Here are a few samples of Tweets sent during and years after the Twin Tower:

  1. After 9/11, my dad stopped growing his full beard, and I didn’t realize until I got older the reasoning was to avoid being profiled
  2. Being asked if “allahu akbar” is something I would say before blowing up
  3. When you’re 8 and all of your white friends parents tell them they can no longer speak to you and be anywhere near you.
  4.  Almost never being able to make friends as a kid because their parents wouldn’t want them hanging out w/ “my people”
  5. My classmates parents wouldn’t let their kids hang out with me cuz they thought I’d make them become terrorists
  6. Every time my family buys airplane tickets, we are “randomly” selected. Every. Single. Time.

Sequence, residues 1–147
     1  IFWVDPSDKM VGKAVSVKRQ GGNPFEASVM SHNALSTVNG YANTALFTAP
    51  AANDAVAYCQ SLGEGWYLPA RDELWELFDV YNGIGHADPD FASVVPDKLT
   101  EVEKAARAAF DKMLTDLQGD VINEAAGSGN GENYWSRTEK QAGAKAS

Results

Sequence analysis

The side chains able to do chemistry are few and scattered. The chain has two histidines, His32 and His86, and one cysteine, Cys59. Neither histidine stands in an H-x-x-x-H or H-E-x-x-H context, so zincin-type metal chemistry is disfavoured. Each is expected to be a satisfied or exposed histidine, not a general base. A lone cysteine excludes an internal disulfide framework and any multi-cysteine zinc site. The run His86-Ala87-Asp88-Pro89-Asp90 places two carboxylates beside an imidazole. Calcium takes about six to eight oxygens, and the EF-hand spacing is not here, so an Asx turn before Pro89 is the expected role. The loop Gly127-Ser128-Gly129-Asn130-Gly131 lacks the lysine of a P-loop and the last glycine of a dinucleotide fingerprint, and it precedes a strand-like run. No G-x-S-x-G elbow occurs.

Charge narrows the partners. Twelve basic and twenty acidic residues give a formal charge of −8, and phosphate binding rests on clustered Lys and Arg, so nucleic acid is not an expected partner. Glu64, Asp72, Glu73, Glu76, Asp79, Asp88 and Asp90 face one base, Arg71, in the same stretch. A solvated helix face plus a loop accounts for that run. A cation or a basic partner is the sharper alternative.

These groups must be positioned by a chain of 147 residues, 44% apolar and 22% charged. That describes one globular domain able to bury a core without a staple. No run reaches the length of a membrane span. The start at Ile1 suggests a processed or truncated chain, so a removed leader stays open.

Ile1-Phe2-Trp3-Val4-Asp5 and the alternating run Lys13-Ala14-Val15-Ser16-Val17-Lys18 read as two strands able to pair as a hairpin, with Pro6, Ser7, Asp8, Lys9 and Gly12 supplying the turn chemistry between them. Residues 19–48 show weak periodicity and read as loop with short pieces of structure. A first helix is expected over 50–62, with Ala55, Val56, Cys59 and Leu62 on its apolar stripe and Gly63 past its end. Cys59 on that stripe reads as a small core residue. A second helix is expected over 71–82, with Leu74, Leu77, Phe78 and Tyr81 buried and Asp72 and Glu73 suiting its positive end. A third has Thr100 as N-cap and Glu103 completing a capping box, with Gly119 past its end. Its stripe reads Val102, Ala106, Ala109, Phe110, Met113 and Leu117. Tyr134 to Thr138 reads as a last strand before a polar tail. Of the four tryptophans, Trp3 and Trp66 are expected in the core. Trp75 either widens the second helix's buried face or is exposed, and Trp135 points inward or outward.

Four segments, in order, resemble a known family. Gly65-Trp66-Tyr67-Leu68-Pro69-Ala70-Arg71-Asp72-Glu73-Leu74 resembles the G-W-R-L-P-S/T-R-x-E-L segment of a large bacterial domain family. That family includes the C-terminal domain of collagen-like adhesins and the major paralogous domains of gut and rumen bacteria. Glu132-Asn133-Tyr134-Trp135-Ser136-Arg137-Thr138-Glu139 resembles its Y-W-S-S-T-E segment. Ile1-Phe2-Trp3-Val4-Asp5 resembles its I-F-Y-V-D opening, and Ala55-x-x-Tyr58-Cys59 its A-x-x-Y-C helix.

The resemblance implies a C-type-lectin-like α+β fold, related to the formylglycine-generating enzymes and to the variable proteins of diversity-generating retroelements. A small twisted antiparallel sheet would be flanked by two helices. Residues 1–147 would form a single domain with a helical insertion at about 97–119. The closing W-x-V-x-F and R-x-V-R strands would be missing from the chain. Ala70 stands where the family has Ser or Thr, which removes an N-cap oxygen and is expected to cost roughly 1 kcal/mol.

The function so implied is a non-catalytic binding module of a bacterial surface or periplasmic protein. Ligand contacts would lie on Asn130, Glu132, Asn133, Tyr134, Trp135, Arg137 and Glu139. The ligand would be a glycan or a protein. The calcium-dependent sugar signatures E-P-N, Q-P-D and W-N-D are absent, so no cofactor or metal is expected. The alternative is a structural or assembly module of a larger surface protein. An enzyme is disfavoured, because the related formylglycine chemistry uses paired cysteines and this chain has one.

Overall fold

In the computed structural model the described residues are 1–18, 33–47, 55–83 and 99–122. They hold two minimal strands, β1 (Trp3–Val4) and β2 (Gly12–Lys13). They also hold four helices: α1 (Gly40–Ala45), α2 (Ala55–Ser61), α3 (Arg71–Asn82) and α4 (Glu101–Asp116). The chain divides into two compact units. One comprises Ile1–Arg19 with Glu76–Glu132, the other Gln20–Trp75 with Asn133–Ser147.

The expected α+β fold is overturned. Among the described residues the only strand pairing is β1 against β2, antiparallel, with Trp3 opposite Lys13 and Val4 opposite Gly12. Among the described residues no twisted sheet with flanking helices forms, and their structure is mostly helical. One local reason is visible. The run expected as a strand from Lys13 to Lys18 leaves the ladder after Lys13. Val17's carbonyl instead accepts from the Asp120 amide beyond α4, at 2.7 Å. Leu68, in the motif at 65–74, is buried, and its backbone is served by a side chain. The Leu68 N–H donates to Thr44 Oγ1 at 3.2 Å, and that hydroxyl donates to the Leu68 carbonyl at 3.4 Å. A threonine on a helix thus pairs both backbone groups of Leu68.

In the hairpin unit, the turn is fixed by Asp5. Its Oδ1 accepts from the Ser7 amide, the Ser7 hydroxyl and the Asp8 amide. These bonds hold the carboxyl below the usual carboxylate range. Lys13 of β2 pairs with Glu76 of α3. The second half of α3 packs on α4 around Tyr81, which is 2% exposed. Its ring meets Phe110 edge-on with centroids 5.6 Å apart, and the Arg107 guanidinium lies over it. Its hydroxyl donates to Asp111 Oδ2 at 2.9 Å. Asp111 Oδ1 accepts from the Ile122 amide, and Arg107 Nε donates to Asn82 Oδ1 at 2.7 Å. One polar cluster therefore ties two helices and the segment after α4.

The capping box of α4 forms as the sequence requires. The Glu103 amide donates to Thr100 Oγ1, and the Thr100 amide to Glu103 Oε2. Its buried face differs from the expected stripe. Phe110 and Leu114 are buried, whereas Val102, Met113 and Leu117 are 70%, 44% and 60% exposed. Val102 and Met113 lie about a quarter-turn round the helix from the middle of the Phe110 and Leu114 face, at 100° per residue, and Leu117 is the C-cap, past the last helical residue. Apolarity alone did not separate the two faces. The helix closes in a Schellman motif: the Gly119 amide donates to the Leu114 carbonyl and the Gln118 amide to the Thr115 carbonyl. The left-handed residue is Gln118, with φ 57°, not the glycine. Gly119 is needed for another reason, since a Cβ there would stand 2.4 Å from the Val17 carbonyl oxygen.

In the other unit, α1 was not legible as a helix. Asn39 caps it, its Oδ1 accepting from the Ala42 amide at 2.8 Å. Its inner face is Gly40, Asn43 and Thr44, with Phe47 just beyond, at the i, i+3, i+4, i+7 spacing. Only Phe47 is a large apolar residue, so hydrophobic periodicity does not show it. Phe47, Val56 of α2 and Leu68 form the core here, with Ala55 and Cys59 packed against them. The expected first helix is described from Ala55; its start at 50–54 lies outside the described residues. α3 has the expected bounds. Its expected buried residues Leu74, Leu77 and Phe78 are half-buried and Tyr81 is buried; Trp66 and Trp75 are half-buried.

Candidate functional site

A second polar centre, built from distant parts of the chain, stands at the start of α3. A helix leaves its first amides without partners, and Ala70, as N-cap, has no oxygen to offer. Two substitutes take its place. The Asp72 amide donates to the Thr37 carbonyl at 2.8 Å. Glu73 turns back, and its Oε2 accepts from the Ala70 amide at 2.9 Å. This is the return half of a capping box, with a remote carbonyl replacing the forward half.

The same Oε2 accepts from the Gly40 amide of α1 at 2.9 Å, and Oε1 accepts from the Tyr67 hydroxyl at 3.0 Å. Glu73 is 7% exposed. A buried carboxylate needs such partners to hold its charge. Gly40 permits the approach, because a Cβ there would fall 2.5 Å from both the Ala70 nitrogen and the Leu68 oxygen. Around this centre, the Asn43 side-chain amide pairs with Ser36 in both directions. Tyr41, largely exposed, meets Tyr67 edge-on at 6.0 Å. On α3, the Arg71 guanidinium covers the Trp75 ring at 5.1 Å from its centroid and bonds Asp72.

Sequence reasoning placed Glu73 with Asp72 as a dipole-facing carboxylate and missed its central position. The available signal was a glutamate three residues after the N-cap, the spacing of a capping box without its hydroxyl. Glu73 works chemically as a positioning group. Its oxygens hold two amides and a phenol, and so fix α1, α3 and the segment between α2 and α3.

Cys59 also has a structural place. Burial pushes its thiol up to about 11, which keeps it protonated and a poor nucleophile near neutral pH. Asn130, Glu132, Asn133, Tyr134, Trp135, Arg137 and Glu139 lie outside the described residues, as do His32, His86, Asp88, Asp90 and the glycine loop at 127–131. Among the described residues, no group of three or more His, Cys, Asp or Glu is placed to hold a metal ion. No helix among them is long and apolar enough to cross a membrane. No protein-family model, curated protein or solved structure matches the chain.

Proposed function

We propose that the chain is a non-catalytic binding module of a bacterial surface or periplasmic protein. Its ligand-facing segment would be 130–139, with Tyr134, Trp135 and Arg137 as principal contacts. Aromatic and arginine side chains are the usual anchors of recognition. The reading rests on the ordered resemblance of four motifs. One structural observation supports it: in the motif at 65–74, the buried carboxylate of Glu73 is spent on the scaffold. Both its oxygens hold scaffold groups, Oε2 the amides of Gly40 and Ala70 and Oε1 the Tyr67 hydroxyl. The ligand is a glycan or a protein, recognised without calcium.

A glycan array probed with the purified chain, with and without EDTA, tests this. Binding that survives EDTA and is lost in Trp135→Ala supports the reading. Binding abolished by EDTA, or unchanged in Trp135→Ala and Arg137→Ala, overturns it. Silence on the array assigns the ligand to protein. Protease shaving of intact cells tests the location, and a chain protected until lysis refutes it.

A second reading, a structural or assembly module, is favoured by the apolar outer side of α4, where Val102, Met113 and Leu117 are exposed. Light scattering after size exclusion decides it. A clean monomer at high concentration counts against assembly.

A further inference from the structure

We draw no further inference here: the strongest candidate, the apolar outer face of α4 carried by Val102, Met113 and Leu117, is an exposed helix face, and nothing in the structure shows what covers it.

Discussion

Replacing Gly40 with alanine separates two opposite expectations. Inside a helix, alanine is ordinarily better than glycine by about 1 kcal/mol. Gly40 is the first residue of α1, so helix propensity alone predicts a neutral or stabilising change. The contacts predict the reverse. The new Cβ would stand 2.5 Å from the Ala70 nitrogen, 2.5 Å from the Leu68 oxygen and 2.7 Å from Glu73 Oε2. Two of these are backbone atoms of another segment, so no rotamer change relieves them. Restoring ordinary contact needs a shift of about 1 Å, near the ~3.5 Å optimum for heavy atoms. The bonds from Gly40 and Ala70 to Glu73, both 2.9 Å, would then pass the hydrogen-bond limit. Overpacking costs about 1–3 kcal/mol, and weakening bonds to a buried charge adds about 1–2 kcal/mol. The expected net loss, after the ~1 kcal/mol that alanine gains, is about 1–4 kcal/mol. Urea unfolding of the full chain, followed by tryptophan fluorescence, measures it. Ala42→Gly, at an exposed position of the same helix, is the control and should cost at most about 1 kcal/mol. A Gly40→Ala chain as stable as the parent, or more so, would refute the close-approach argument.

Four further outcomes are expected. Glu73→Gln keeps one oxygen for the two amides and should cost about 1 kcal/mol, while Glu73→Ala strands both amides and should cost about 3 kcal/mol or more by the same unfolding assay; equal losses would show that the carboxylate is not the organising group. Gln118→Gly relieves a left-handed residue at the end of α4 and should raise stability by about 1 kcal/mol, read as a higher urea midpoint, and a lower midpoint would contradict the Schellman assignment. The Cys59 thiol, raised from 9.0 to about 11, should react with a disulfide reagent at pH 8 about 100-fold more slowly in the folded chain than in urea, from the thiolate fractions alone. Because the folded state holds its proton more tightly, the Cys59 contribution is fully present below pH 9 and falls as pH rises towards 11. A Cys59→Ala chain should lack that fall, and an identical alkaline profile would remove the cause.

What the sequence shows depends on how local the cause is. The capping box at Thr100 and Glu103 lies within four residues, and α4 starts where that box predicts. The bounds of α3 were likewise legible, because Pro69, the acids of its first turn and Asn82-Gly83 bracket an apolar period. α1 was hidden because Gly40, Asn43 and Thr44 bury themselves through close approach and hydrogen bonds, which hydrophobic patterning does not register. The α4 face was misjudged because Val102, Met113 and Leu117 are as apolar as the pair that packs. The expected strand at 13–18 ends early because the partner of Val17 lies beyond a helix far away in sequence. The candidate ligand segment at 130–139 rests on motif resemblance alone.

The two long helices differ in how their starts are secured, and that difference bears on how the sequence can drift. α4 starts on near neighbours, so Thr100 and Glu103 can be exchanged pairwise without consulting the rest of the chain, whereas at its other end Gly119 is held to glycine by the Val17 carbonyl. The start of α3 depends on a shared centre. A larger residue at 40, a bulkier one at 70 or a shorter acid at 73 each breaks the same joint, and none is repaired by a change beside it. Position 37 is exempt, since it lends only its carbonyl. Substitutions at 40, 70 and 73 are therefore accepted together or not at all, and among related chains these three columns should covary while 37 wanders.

7.  Being asked if I was sad that bin laden got murdered
  8. Being chased off the playground almost every day while kids screamed at me “your dad killed the towers”
  9. My mom stopped wearing her hijab in public because of the profiling and looks of disgust. She literally feared her life.
  10. My mom was called “bin laden’s mom” on the street and God knows what else she has to endure she’s not telling me.
  11. Imagine being 9 and wondering why your teacher decided to call on you and ask you why your faith advocates for bombings
  12. Someone threw a brick at my friend’s grandma when she was visiting NYC. People were willing to hurt an old lady. Horrible.
  13. Going from speaking Farsi fluently to my mom not speaking it for a year
  14.  I grew up without a mom because someone with a gun decided that she needed to answer for it with her life




November 2022